A few weeks back we took a test of the Phillips Airfryer, a device that promised us great chips without the fat and fuss. We were sceptical, all good things come at a price and chips are no exception.
As it turned out whilst the Airfryer didn’t produce chips as good as deep frying, and no one seriously thought it ever would, it did make a pretty good job of it and the versatility, speed and no mess features certainly made up for any shortcomings.
Well the good people at Tefal heard about all this and thought, ‘We can do better than that,’ and soon they were sending us over their Actifry machine, telling us that this would whoop the Airfryer’s ass in a chip-off. Well they didn’t actually use those words of course, but that’s what they meant. So we had a look.
Stand by to fry
First up, the packaging. Actifry lost PC points by being packed in nasty white Styrofoam and not the nice bio-degradable cardboard of the Airfryer. Mind you, there was a lot less packaging with the Actifry, with the Airfryer we couldn’t get out the room for all the bits of stuff blocking our exit.
The Actifryer has what IT people call a large footprint; it takes up space on the worktop because it’s rather wide. The Airfryer was also large, but it was tall large, not wide large. We hope this isn’t getting too technical for you? The Actifryer looks a bit like a 60’s idea of a spaceship; the Airfryer looked like Darth Vader’s helmet. On looks and size, the Airfryer comes out ahead.
Just as the Airfryer was basically a small, advanced turbo fan oven, so the Actifry is basically a frying pan with a motorised paddle/stirrer. Of course like the Airfryer it’s not quite as simple as that, many many hours have been spent perfecting the shape of the paddle and the optimum speed it should turn at.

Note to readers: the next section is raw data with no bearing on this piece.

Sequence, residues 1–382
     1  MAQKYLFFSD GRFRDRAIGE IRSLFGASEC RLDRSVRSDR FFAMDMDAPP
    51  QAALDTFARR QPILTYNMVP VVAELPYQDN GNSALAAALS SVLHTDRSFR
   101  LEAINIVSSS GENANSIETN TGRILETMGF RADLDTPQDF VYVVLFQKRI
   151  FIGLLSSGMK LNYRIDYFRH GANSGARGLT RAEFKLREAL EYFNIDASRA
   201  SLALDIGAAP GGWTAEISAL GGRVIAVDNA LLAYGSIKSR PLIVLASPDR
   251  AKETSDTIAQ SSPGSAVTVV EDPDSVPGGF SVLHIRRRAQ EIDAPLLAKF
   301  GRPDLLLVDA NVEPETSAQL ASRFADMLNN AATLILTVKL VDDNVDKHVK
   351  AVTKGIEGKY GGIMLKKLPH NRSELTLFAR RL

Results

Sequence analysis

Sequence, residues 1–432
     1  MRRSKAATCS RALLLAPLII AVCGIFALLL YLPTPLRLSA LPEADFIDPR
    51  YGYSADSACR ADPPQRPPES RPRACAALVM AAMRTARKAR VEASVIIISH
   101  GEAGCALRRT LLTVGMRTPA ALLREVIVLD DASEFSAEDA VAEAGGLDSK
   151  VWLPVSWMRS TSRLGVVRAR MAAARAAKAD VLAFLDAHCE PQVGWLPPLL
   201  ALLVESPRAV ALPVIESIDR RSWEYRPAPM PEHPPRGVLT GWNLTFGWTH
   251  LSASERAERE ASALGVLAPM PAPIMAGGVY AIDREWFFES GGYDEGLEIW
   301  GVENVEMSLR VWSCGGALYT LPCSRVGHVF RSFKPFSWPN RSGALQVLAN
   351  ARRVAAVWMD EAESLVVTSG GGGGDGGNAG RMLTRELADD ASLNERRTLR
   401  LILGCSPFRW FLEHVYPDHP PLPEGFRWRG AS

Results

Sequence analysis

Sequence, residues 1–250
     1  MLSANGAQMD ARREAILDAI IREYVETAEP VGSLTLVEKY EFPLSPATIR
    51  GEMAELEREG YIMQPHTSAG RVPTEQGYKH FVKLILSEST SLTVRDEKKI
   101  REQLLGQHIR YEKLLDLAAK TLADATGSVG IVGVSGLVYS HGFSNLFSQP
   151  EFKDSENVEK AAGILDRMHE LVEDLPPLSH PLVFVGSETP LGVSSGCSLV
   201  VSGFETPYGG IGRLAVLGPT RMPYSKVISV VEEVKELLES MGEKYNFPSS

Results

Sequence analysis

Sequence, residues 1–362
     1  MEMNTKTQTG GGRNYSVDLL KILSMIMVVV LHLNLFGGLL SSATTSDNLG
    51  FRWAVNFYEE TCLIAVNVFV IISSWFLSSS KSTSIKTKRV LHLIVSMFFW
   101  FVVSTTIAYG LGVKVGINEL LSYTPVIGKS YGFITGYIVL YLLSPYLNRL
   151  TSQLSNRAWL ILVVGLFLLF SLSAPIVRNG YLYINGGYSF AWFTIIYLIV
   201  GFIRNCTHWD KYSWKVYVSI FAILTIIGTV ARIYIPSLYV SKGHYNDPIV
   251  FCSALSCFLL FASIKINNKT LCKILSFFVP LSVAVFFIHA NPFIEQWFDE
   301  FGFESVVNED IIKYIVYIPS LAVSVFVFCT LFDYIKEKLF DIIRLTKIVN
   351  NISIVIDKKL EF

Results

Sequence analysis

What they also have in common is that you use a scant spoonful of oil. The Actifry comes with its own little measuring spoon that stores inside so you ‘can’t’ lose it. Cut your chips evenly and quite slim, wash and dry well to lessen the starch, and scatter in the pan. Drizzle over the tiny bit of oil, lid down and off you go.
The lid is transparent, so you can hypnotise yourself watching the action. It’s very like the old Penny Falls machines that you used to find in seaside Amusement Arcades. All pleasantly mesmerising but don’t fall into a trance and touch the lid as it gets very hot indeed. There is a timer and chips take 35 mins, almost twice as long as the Airfryer, but you don’t have to keep shaking the pan and you can at least watch progress.They’re good though, crispy and fluffy and with a nice colour. Easy to get out too as the pan has a foldaway handle to make lifting it out simple. They go soft quite quickly, presumably because the frying is only skin deep, but that needn’t be a problem. Overall, better chips than the Airfryer but at a time cost.
Like the Airfryer, the Actifry can do more. Whilst the Airfryer is a basket, so no liquids, the Actifry is a pan so you can. The recipe book, a rather strange affair awkwardly translated from presumably French, has dietician experts from around the world to introduce dishes from around the world.
Essentially the Actifry saves you the job of standing at the stove stirring and whilst that takes the fun out of cooking, some evenings a helping hand is very welcome. We tried Mushroom Tarragon Chicken – the seasoned chicken pieces were Actifried for three minutes, then sliced onions were added along with mushrooms and then seven minutes later stock, cornflour and cream for two minutes before adding the tarragon and serving. It was really rather good, the chicken evenly browned and sealed and the sauce a smooth consistency.
We also tried placing sliced apples in the machine and they came out golden and soft ready to be dusted with cinnamon infused sugar. Aubergines with feta and cumin was another winner. Nothing you couldn’t make in a pan yourself, but it was good to wander off and get on with something else while it cooked.
And so, the end is near
Verdict? Like the Airfryer before it, the Actifry needs practice to get the best out of it but it works very well. It produces meals with far less fat than ordinary frying and is remarkably versatile. One caveat though is that when the timer gets down to 00 the heat is not turned off, so if you don’t hear the ‘ping’ you could come back to burnt offerings.
It is £138 (approx) which is very expensive for what you seem to get. No doubt the price reflects the development costs, as it doesn’t reflect the build quality which seems somewhat slight at best. The Phillips costs a bit more but has a reassuring ruggedness to it.
Which to buy?
We liked the Phillip’s speed, build, looks and the way it could double as semi-oven so saving on energy. We liked the Actifry’s chips and the fact it can even cook risotto!
So the Actifry gets the vote for most useful and effective purchase. There have been issues with reliability though, so do make sure you extend the warranty.